candidates is imperfect

13
Sectoral shifts
  • def changes in the composition of demand among
    industries or regions
  • example Technological change increases demand
    for computer repair persons, decreases demand for
    typewriter repair persons
  • example A new international trade agreement
    causes greater demand for workers in the export
    sectors and less demand for workers in
    import-competing sectors.
  • It takes time for workers to change sectors, so
    sectoral shifts cause frictional unemployment.

14
Industry shares in U.S. GDP, 1960
15
Industry shares in U.S. GDP, 1997
16
Sectoral shifts abound
  • more examples
  • Late 1800s decline of agriculture, increase in
    manufacturing
  • Late 1900s relative decline of manufacturing,
    increase in service sector
  • 1970s energy crisis caused a shift in demand away
    from huge gas guzzlers toward smaller cars.
  • In our dynamic economy, smaller (though still
    significant) sectoral shifts occur frequently,
    contributing to frictional unemployment.

17
Public Policy and Job Search
  • Govt programs affecting unemployment
  • Govt employment agencies disseminate info about
    job openings to better match workers jobs
  • Public job training programs help workers
    displaced from declining industries get skills
    needed for jobs in growing industries

18
Unemployment insurance (UI)
  • UI pays part of a workers former wages for a
    limited time after losing his/her job.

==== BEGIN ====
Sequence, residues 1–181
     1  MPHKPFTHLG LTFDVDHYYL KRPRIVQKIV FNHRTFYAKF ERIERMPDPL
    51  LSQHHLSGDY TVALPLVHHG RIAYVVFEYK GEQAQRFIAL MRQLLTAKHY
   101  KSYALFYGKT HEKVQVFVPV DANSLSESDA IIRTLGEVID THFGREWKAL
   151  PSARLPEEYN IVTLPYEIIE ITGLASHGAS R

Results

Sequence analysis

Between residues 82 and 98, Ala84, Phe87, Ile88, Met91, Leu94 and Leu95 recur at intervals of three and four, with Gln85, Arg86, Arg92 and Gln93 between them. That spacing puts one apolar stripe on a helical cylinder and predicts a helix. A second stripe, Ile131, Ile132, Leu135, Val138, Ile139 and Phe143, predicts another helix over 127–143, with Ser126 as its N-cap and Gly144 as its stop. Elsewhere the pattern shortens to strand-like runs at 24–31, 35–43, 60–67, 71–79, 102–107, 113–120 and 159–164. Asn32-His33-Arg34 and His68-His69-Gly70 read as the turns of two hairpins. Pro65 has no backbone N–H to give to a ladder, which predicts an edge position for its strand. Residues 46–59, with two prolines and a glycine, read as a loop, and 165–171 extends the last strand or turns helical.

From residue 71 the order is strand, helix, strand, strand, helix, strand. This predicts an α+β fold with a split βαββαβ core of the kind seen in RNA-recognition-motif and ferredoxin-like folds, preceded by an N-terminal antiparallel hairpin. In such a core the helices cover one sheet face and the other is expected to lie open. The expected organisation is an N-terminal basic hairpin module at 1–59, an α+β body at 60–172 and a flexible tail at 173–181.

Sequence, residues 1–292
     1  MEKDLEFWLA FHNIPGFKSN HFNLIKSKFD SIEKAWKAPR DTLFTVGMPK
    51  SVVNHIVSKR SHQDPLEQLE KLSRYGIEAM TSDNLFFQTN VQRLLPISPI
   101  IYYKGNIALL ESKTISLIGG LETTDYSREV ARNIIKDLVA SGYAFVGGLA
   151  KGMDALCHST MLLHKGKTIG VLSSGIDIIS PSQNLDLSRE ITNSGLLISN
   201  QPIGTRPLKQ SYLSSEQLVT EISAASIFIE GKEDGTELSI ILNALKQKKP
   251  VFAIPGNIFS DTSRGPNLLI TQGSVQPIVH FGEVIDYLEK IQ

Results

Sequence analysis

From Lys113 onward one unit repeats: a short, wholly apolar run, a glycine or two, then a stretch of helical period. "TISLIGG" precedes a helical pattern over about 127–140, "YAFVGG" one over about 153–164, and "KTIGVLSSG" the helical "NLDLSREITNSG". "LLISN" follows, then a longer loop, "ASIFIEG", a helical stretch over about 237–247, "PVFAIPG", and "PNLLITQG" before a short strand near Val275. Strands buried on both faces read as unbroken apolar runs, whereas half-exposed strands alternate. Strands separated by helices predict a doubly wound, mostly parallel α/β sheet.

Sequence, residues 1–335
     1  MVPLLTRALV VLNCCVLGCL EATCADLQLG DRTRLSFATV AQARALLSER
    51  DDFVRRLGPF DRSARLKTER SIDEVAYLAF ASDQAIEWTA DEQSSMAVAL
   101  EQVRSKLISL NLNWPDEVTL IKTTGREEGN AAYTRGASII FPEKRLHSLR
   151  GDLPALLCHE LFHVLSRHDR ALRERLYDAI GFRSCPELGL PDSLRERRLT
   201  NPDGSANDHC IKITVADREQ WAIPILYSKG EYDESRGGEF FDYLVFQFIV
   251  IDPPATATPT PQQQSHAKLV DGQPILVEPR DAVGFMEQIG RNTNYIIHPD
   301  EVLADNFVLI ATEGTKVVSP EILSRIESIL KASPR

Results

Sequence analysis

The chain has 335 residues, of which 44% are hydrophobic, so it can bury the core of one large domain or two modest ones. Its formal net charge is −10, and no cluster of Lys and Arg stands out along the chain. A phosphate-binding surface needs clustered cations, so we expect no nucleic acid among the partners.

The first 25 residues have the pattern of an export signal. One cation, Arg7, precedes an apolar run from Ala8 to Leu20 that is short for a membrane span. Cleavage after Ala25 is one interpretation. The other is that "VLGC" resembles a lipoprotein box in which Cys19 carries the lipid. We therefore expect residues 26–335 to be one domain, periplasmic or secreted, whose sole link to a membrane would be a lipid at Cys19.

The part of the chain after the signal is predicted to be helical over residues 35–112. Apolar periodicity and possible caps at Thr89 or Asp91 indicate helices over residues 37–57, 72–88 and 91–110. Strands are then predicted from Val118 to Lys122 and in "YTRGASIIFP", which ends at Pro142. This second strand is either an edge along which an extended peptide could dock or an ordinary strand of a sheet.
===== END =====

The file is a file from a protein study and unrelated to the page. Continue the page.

• UI increases search unemployment, because it
  • reduces the opportunity cost of being unemployed
  • reduces the urgency of finding work
  • hence, reduces f
  • Studies The longer a worker is eligible for UI,
    the longer the duration of the average spell of
    unemployment.

19
Benefits of UI
  • By allowing workers more time to search,
  • UI may lead to better matches between jobs and
    workers,
  • which would lead to greater productivity and
    higher incomes.

20
Unemployment from real wage rigidity
If the real wage is stuck above the eqm level,
then there arent enough jobs to go around.
21
Unemployment from real wage rigidity
If the real wage is stuck above the eqm level,
then there arent enough jobs to go around.
Then, firms must ration the scarce jobs among
workers.
Structural unemployment the unemployment
resulting from real wage rigidity and job
rationing.
22
Reasons for wage rigidity
  • 1. Minimum wage laws
  • 2. Labor unions
  • 3. Efficiency wages

23
The minimum wage
  • The minimum wage is well below the eqm wage for
    most workers, so it cannot explain the majority